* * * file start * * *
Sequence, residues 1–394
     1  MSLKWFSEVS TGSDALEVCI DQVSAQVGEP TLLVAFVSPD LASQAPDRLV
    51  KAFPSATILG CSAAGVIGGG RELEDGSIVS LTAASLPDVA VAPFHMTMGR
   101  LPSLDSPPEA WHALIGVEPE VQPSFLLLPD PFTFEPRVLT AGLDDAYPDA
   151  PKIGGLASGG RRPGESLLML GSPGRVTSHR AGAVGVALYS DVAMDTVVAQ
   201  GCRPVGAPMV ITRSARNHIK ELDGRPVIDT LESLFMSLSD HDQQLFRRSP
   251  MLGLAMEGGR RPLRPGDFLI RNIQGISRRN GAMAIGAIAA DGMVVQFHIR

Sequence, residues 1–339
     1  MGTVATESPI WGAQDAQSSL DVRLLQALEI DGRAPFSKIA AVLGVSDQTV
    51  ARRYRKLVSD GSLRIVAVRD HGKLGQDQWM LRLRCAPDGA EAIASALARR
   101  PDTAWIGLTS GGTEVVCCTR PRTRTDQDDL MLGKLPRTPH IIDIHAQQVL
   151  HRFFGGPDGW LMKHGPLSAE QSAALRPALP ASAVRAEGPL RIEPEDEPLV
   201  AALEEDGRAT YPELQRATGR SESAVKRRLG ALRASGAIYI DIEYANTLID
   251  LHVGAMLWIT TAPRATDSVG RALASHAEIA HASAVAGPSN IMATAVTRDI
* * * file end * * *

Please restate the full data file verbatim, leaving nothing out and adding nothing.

Sequence, residues 1–394
     1  MSLKWFSEVS TGSDALEVCI DQVSAQVGEP TLLVAFVSPD LASQAPDRLV
    51  KAFPSATILG CSAAGVIGGG RELEDGSIVS LTAASLPDVA VAPFHMTMGR
   101  LPSLDSPPEA WHALIGVEPE VQPSFLLLPD PFTFEPRVLT AGLDDAYPDA
   151  PKIGGLASGG RRPGESLLML GSPGRVTSHR AGAVGVALYS DVAMDTVVAQ
   201  GCRPVGAPMV ITRSARNHIK ELDGRPVIDT LESLFMSLSD HDQQLFRRSP
   251  MLGLAMEGGR RPLRPGDFLI RNIQGISRRN GAMAIGAIAA DGMVVQFHIR

Sequence, residues 1–339
     1  MGTVATESPI WGAQDAQSSL DVRLLQALEI DGRAPFSKIA AVLGVSDQTV
    51  ARRYRKLVSD GSLRIVAVRD HGKLGQDQWM LRLRCAPDGA EAIASALARR
   101  PDTAWIGLTS GGTEVVCCTR PRTRTDQDDL MLGKLPRTPH IIDIHAQQVL
   151  HRFFGGPDGW LMKHGPLSAE QSAALRPALP ASAVRAEGPL RIEPEDEPLV
   201  AALEEDGRAT YPELQRATGR SESAVKRRLG ALRASGAIYI DIEYANTLID
   251  LHVGAMLWIT TAPRATDSVG RALASHAEIA HASAVAGPSN IMATAVTRDI